Monday, May 18, 2009
More blogosphere buzz about Lean & Kanban
John Strickler has this thoughtful piece about Lean & Kanban and how he was introduced to Agile via Mary Poppendieck and Alan Shalloway following a background that including reading Factory Physics and learning Six Sigma. Nice to see someone with a background in reducing variation and an understanding of queuing theory talking about this stuff. So few Agile folks seem to understand what I mean when I say Kanban has an underlying model.
Meanwhile, Jeffrey Palermo picks up on my piece for Borland on why you should just say “No!” to an formal Agile transition initiative, Why Agile Transition Initiatives Might Fail!
Margaret Rouse highlights Kenji Hiranbe and I and observes that Kanban is a way to visualize bottleneck in a software development project.
Keith Henry’s been researching how to tailor agile to your organization. While he cites my work on Agile+CMMI he might enjoy my series for Borland more: Agile Transition Initiatives - Just Say No!; Creating an Agile Culture!
Jason Yip rediscovered one of my older gems identifying that liberal versus conservative culture is a bigger influence than high trust versus low trust in driving Agile adoption.
Pascal Van Cawenberghe asks “Why Estimate?” and cites several leading thinkers on this space including Amit Rathore, Joshua Kerievsky and me.
Richard Veryard tickled me with his wittily titled Restaurant at the End of the Universe over at his Demanding Change blog.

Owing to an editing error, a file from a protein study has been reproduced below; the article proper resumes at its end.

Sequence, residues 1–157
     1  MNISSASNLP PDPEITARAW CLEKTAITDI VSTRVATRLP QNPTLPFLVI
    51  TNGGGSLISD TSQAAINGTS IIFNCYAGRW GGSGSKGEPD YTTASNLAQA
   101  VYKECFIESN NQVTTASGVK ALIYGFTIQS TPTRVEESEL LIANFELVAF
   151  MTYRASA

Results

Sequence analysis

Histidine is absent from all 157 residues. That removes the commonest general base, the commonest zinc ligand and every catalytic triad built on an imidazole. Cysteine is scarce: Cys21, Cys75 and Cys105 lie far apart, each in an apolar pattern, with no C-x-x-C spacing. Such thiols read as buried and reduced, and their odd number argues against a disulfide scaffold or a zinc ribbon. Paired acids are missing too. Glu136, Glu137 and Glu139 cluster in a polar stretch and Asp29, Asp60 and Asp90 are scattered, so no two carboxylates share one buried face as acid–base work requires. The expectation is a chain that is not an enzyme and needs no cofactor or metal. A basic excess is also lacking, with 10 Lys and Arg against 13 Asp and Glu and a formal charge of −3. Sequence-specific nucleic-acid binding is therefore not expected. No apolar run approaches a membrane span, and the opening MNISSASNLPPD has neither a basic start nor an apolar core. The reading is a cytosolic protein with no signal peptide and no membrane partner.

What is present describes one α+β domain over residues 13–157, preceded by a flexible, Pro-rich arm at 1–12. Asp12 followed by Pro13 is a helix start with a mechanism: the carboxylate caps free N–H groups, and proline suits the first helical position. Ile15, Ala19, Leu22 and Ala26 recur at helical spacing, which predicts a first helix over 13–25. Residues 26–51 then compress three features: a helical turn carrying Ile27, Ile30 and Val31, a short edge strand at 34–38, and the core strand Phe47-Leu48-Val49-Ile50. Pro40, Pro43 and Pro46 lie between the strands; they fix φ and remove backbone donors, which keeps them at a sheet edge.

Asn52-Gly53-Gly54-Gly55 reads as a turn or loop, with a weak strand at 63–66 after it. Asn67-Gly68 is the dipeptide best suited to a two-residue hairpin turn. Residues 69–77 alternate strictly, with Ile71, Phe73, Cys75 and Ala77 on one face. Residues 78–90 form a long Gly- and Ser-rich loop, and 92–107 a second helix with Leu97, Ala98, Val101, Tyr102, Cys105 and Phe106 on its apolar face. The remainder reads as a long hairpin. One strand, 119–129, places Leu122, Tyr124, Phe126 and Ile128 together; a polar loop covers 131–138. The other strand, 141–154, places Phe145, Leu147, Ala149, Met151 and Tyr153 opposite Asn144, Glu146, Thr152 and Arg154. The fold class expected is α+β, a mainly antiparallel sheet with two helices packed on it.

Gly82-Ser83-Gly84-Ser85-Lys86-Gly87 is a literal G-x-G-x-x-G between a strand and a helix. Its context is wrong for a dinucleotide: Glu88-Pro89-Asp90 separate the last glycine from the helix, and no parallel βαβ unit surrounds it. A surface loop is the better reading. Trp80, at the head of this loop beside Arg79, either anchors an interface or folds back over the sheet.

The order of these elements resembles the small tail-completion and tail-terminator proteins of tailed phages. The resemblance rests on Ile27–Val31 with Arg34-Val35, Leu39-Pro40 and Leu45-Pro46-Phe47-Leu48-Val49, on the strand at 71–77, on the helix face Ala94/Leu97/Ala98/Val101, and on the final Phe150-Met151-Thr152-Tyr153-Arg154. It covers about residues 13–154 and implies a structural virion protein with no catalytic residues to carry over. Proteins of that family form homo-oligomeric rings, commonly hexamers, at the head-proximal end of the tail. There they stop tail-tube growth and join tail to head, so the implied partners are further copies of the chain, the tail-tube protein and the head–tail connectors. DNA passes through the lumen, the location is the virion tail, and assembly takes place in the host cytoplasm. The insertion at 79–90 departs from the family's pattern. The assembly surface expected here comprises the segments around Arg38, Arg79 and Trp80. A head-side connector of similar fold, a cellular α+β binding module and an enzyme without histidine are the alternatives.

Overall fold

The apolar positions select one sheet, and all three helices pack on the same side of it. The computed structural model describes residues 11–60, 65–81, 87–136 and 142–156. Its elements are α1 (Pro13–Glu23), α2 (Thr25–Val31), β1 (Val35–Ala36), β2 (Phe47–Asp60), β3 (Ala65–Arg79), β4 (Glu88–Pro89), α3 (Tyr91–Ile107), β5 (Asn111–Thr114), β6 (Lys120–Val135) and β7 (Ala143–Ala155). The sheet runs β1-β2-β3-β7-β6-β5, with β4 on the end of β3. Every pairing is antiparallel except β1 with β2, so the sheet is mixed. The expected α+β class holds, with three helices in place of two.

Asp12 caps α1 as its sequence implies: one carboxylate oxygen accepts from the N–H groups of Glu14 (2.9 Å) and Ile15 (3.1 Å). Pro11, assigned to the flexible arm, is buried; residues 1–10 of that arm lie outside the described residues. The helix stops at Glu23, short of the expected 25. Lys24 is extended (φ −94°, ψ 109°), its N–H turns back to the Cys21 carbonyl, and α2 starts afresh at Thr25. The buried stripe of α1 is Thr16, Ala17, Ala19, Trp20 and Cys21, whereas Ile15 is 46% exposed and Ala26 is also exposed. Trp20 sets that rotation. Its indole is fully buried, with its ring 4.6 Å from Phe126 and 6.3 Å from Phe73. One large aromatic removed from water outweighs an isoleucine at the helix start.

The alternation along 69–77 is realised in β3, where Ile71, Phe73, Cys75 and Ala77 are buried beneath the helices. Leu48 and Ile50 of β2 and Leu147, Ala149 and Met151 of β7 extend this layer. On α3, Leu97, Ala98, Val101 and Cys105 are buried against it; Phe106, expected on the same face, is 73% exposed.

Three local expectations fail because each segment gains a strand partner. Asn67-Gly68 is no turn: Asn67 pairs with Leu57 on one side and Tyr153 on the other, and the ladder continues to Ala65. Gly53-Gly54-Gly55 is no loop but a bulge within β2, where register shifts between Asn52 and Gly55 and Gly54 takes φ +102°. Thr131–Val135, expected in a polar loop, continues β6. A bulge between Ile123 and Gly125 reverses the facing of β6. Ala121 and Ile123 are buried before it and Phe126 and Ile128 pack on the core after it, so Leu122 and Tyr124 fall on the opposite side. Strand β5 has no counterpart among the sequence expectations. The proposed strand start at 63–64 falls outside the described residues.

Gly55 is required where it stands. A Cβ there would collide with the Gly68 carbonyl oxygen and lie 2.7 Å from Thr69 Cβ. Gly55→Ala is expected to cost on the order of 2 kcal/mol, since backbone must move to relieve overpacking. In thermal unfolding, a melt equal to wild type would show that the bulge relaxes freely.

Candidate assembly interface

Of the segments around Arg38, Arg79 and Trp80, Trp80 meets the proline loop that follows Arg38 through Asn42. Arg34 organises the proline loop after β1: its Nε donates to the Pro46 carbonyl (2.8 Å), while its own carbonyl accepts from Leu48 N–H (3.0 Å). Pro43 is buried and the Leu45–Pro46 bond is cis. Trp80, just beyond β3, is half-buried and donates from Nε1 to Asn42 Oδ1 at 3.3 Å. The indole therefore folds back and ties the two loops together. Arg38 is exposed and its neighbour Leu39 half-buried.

Defense Industry Daily was so impressed with my Top 10 rated talk at the SEPG conference that they suggest it’s time to Sharpen Yourself a Kanban System for Software Engineering. Yes indeed! :-D We already have a Kanban implementation with the Danish Department of Defense. I’m hoping for more traction in the defense sector in the next year. I really do hope that Kanban becomes the unifying force that brings the Agile world and the big software and system engineering firms together.
Hillel Glazer noted that my SEPG session on high maturity metrics and Agile was packed and locked out and no one left early. I wonder who I impressed? His notes from Wednesday tell the tale of the Agile + CMMI open space with a super picture of how many people we had at that session and then with another wonderful picture of one of my slides we get Hillel’s take on my Agility & High Maturity talk - naturally Kanban is at the heart of it but Hillel calls it correctly - set high maturity behavioral expectations early and choose metrics and data wisely. His Tuesday notes cover the CMMI + Agile: Why not embrace both talk given by Mike Konrad and supported by Hillel, Jeff Dalton and I.
The folks at Enthiosys (Luke Hohmann et al) have been thinking about Agile maturity models and comparing my work on Agile + CMMI with Bas Vodde and Jeff Sutherland’s Nokia Test.
Allan Kelly gives us a list of 10 Things to Know About Kanban Software Development. Very handy! Allan also helps us to Make Sense of Kanban.
Meanwhile, Boris Gloger describes my use of Kanban as “harmful for software development.” How many people actually doing it believe that? I wonder if Boris has ever tried it? Technorati tag: David+Anderson, Agile+Management, Agile, Lean, Kanban, CMMI, Software+Engineering, Project+Management